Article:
A special responsibility lays in that regard on the shoulders of those states possessing nuclear weapons. They should lead the way in this forum that they claim to be the ‘single negotiating body’ for disarmament and the only body they want to negotiate. To them and to other members, I say, show it! Especially now they should find a way to prove that progress is possible, however little. With the current negotiations in New York on a Treaty banning nuclear weapons, a large group of states gives a clear signal that the current stalemate in disarmament is unacceptable for them. In view of their arsenals the US and Russia have a prime responsibility to find new ways for cooperation.  

Political will is also required from some states having double agenda’s. You cannot claim to be in favor of progress on disarmament by advancing efforts in one body at the expense of efforts in another. Its only by trying to advance opportunities whenever they arise, real progress on disarmament will be possible. If states do not see any possible role for this body it is better to leave this body than trying to further paralyze it through their actions.

Way ahead working group

This year ambassador Lynn of Myanmar is doing a terrific job by searching for a way forward for the CD via discussions in the Way Ahead Working Group. I appreciate his ‘out of the box’ thinking in finding a way forward for the CD. Its high time and you will continue to have our full support for your excellent work.


We should also continue to work on improving our methods of work and the enlargement of the CD. I thank the Slovak Presidency for putting this important subject on our agenda. In view of the state of the CD, it is remarkable that there are still states that want to become a member. A large group of serious states that have been long time observers of this body deserve to be taken serious. On this last point we had a good discussion last week. Bilateral issues should not hold the enlargement of the CD hostage.


When I arrived here four years ago I asked to see the Director of UNODA. I was told that the director was not in and they did not know where the director was. It was suggested that I would come back a week later. A lot has changed since then. I am proud to be one of the seven ambassadors who wrote to the High Representative for Disarmament, Ms Izumi Nakamitsu, and to SG Moeller about management. We commended Mary Soliman and Marco Kalbusch for the work they did in order to improve the secretariat and the management of the Geneva UNODA branch. We also asked the High Representative  for due attention for further improvement of the management. Good management here is essential.

NPT Prepcom

I am convinced that the NPT is key. The NPT has served us well for over 47 years. It is the basis for a political-legal world order that has proven its value.  

After not being able to reach a consensus outcome at the 2015 NPT Review Conference, taking on the chairmanship of the first NPT Prepcom was a challenge. We decided that our main aim must be to put the NPT center stage again, by concentrating on a common way forward and by emphasizing inclusivity and transparency. The NPT belongs to all its members and that is why we organized regional conferences and consultations in Amman, Dakar, Jakarta and Santiago together with Senegal, Indonesia and Chile. By consulting with over 100 States Parties at the regional conferences and during consultations with regional groups, the ‘ownership’ of the NPT was underlined. This enabled a good start of this review cycle, I thank you for your help.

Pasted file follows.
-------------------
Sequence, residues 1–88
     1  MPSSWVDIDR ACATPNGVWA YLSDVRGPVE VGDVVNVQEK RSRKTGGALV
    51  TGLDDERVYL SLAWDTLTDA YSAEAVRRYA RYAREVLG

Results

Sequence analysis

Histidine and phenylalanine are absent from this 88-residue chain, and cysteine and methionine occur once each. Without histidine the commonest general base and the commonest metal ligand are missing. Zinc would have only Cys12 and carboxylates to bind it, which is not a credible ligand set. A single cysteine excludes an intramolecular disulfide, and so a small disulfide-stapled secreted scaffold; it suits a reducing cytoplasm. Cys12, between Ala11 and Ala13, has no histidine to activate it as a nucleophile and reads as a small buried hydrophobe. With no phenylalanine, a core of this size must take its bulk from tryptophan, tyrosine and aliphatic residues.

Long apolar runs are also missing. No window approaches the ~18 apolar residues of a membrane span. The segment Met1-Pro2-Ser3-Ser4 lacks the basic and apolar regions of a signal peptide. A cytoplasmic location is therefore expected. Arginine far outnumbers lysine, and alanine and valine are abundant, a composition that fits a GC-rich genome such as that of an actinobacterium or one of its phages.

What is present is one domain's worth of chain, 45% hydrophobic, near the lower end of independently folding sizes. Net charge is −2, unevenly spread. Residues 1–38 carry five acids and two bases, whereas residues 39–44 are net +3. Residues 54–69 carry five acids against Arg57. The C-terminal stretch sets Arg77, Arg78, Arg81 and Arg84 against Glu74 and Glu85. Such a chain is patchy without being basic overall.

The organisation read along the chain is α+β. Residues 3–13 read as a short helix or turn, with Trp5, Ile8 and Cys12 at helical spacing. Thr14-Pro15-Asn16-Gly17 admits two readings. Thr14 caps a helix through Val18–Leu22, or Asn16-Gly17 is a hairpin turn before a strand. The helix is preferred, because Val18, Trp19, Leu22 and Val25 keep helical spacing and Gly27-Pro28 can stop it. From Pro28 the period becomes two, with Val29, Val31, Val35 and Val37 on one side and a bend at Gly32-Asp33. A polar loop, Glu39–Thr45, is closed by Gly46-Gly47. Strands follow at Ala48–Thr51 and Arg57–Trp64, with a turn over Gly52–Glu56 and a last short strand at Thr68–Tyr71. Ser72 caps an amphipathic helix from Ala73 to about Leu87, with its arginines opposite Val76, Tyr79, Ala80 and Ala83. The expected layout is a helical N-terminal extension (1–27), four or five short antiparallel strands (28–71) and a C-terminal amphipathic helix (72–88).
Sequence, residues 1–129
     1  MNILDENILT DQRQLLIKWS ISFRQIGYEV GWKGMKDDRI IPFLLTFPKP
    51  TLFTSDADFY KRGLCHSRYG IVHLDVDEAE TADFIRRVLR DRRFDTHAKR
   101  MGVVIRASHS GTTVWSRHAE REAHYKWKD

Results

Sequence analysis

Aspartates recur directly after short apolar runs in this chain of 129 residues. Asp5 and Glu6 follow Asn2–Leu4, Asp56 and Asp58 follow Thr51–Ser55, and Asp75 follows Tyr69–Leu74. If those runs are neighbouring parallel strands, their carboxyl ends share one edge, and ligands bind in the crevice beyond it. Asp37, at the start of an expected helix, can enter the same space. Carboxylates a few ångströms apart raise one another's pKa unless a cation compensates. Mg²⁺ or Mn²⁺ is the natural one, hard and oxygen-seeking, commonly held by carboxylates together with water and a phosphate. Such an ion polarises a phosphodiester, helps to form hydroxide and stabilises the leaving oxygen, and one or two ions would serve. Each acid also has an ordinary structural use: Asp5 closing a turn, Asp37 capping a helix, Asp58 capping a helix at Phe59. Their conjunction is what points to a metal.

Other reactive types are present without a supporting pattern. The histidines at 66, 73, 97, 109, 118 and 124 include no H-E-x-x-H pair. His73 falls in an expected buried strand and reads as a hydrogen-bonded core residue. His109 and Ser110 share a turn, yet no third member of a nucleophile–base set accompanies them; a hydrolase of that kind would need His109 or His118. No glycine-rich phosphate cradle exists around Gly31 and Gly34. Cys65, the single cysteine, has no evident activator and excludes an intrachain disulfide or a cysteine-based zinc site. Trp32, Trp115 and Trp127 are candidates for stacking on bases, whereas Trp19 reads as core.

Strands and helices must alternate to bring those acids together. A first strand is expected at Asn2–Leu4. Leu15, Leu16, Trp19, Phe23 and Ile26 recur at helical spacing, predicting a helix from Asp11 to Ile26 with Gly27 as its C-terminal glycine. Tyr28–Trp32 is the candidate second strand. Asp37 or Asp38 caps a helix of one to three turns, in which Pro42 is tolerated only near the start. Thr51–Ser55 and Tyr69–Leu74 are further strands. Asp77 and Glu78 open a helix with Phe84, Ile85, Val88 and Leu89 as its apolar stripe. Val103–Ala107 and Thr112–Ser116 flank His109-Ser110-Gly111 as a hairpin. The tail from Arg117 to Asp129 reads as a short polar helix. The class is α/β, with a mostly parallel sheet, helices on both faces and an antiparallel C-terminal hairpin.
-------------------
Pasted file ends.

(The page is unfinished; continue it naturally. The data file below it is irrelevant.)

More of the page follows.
As a direct result of the consultations procedural matters could be dealt with smoothly. The good atmosphere during the meeting allowed for discussions on possible elements for a common way forward. Via the ‘reflections of the chair’ we aimed to create a basis on which the next chairmanship can build further towards a successful outcome of the 2020 Review Conference. We aimed for a substantial Chairman’s’ report. A report that reflects the richness of the debate in Vienna. A report that is factual and as objective as possible. But above all a report that gives a sound basis for the debate and actions in the 2017-2020 NPT cycle. Yesterday I sent this report to the President and the SG of the CD to be distributed here.  

I thank you for all your help, for being colleagues. It was an honor to work with most of you. I appreciated your professionalism, your commitment and hard work. I thank the secretariat for their hard work. I also want to thank the translators, who despite the nonsense we sometimes produced, always gave a very professional translation.

Mr. President,

I thank you for the excellent Slovak Presidency and your hard work. It is an honor for me to end my duties here under your Presidency and I look forward to my next posting in Bratislava.  

In one of my speeches I recently said that we as diplomats are privileged people, because we deal with issues that matter. Working on security and disarmament issues remains the core of foreign policy and one of the prime tasks of the UN and of the CD. It is also a responsibility and a duty to which we have to live up to. We have to respond to our governments, our parliaments and our peoples. Therefore doing nothing is not an option, our responsibility  is too important and serious for that.